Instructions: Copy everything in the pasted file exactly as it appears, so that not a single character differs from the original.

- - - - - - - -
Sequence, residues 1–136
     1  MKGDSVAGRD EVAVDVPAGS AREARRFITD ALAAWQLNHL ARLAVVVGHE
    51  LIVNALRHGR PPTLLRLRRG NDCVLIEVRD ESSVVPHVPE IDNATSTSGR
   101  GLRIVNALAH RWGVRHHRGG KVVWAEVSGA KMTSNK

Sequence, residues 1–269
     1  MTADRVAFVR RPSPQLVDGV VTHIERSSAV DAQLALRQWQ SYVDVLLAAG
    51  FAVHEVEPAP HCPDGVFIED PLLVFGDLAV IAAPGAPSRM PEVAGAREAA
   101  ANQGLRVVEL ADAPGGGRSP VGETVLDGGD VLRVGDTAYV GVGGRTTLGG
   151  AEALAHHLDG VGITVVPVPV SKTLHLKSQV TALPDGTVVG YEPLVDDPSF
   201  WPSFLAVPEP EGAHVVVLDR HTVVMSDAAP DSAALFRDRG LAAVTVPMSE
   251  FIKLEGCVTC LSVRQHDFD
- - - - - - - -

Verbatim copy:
Sequence, residues 1–136
     1  MKGDSVAGRD EVAVDVPAGS AREARRFITD ALAAWQLNHL ARLAVVVGHE
    51  LIVNALRHGR PPTLLRLRRG NDCVLIEVRD ESSVVPHVPE IDNATSTSGR
   101  GLRIVNALAH RWGVRHHRGG KVVWAEVSGA KMTSNK

Sequence, residues 1–269
     1  MTADRVAFVR RPSPQLVDGV VTHIERSSAV DAQLALRQWQ SYVDVLLAAG
    51  FAVHEVEPAP HCPDGVFIED PLLVFGDLAV IAAPGAPSRM PEVAGAREAA
   101  ANQGLRVVEL ADAPGGGRSP VGETVLDGGD VLRVGDTAYV GVGGRTTLGG
   151  AEALAHHLDG VGITVVPVPV SKTLHLKSQV TALPDGTVVG YEPLVDDPSF
   201  WPSFLAVPEP EGAHVVVLDR HTVVMSDAAP DSAALFRDRG LAAVTVPMSE
   251  FIKLEGCVTC LSVRQHDFD